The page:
8 January 2021 – World food prices rose for the seventh consecutive month in December, led by dairy products and vegetable oils, the Food and Agriculture Organization of the United Nations reported.
The FAO Food Price Index averaged 107.5 points in December, 2.2% higher than in November. Over the whole of 2020, the benchmark index, which tracks monthly changes in the international prices of commonly-traded food commodities, averaged 97.9 points, a three-year high and a 3.1% increase from 2019 although still more than 25% below its historical 2011 peak.
The cereal price index rose 1.1% from November and for all of 2020 averaged 6.6% above the level of 2019. Export prices for wheat, maize, sorghum and rice all rose in December, moving higher in part due to concerns over growing conditions and crop prospects in North and South America as well as the Russian Federation.
On an annual basis, rice export prices were 8.6% higher in 2020 than in 2019, while those for maize and wheat were 7.6% and 5.6% higher, respectively.
The vegetable oil price Index gained 4.7% in December to reach its highest level since September 2012. In addition to ongoing supply tightness in major palm oil-producing countries, international trade was affected by a sharp hike in export duties in Indonesia. International prices for soy oil rose in part due to prolonged strikes in Argentina that impacted both crushing activity and port logistics. This sub-index averaged 19.1% higher in 2020 than the previous year.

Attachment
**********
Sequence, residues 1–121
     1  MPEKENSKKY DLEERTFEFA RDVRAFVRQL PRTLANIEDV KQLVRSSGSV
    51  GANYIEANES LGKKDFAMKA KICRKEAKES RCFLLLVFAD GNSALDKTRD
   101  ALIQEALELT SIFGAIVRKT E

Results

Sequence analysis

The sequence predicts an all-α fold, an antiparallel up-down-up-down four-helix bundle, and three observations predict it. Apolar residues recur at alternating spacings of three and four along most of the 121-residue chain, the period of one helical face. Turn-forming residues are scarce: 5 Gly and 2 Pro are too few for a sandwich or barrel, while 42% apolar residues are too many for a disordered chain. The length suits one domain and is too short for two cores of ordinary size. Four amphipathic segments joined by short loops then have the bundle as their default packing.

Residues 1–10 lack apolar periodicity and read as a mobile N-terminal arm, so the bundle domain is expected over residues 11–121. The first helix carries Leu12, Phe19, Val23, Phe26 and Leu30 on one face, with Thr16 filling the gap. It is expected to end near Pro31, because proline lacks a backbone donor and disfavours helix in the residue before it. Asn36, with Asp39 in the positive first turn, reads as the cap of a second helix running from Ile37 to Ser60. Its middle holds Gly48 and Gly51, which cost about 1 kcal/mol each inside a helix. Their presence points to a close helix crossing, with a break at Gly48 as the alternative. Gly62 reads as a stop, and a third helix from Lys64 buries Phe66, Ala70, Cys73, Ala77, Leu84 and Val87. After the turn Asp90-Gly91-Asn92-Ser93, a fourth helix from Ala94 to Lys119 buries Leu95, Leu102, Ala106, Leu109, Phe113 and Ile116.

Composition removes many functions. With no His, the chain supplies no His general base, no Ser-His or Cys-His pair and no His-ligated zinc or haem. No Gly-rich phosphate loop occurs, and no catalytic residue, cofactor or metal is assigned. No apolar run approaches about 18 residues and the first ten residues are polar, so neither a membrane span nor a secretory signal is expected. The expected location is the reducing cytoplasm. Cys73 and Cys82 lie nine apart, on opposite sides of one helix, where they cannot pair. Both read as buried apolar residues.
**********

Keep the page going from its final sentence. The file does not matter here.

The dairy price index increased 3.2% in December, its seventh consecutive monthly rise, with all categories higher due to strong global import demand induced by concerns over drier and warmer conditions on Oceania’s milk production as well as high internal demand in Western Europe. Over the course of 2020, however, the Dairy Price Index averaged 1.0% less than in 2019.
The meat price index increased 1.7% in the month of December, while its full-year average was 4.5% below that of 2019. Poultry meat quotations rebounded in the final month of the year, buoyed by increased import demand, especially from the Middle East, high internal sales in key producing countries and the adverse impact of avian influenza outbreaks in Europe.
Pig meat prices fell slightly, influenced by the suspension of German exports to Asian markets as a result of African Swine Fever outbreaks.
The sugar price index declined by 0.6% in December after a marked increase during the previous month. For 2020 as a whole, the sub-index was 1.1% higher than in 2019, reflecting a large surge in imports by China and increased demand for refined sugar from Indonesia’s food and beverage industry even as upward pressure was curbed by improved production prospects in Brazil and India. Source (Bizcommunity)